Northern German port city 71 mi (114 Km) from the mouth of the Elbe River into the North Sea.
Its charter, supposedly in 1189, by Frederick I "Barbarossa" as an"Imperial Free City with tax free access up the Lower Elbe,...and its proximity to the main trade routes of the North Sea and Baltic Sea quickly made it a major port in Northern Europe".[O]
"Lübeck, which [also] had access to the Baltic and North Sea fishing grounds, formed an alliance in 1241 with Hamburg..., which controlled access to salt-trade routes from Lüneburg. The allied cities gained control over most of the salt-fish trade, especially the Scania Market; and Cologne joined them in the Diet of 1260. In 1266 Henry III of England granted the Lübeck and Hamburg Hansa a charter for operations in England, and the Cologne Hansa joined them in 1282 to form the most powerful Hanseatic colony in London."[W]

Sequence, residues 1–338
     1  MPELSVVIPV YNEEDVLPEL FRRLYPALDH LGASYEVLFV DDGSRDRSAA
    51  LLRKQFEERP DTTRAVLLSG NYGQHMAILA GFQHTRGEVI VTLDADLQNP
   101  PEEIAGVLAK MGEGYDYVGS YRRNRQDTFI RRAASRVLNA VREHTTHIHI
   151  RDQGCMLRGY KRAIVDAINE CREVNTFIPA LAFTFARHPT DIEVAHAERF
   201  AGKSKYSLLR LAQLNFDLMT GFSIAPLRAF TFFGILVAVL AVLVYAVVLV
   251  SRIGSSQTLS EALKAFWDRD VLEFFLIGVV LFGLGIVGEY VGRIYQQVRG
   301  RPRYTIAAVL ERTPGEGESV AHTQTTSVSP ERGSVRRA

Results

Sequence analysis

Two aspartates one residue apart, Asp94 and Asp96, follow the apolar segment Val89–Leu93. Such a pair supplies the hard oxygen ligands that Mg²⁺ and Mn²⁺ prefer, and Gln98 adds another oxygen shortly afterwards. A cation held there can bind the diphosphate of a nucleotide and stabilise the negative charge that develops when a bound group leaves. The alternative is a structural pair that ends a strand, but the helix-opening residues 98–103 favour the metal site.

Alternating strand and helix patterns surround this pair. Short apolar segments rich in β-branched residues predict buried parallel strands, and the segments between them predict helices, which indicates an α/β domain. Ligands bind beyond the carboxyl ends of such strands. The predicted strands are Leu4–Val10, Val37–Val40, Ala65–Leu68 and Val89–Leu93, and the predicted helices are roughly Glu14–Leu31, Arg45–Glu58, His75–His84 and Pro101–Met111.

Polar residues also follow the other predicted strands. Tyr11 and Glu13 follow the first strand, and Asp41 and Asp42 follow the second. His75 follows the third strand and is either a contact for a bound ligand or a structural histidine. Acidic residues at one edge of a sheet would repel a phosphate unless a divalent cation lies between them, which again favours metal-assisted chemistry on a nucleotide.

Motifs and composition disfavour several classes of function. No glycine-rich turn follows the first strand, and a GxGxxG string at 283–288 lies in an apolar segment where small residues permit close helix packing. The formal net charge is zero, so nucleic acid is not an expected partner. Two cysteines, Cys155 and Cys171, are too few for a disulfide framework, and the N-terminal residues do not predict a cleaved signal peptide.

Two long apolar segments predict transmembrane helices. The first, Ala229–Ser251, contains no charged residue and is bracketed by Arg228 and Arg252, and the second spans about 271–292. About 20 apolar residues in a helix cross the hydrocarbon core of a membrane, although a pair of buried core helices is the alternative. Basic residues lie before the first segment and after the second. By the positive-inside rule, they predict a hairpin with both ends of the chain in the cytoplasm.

"In 1529 the city embraced Lutheranism, and Hamburg subsequently received Protestant refugees from the Netherlands and France. Hamburg was at times under Danish sovereignty while remaining part of the Holy Roman Empire as an Imperial Free City.
"[In the 14th century], the Hanseatic League [led by Lübeck,] began to decline and Hamburg began to make its own way and develop its own economic infrastructure. The Hamburg Stock Exchange was founded in 1558, the Bank of Hamburg in 1619 and a protective convoy system started in 1662. With this system, Hamburg's merchantmen were the first to be escorted by men-of-war on the high seas. " [O]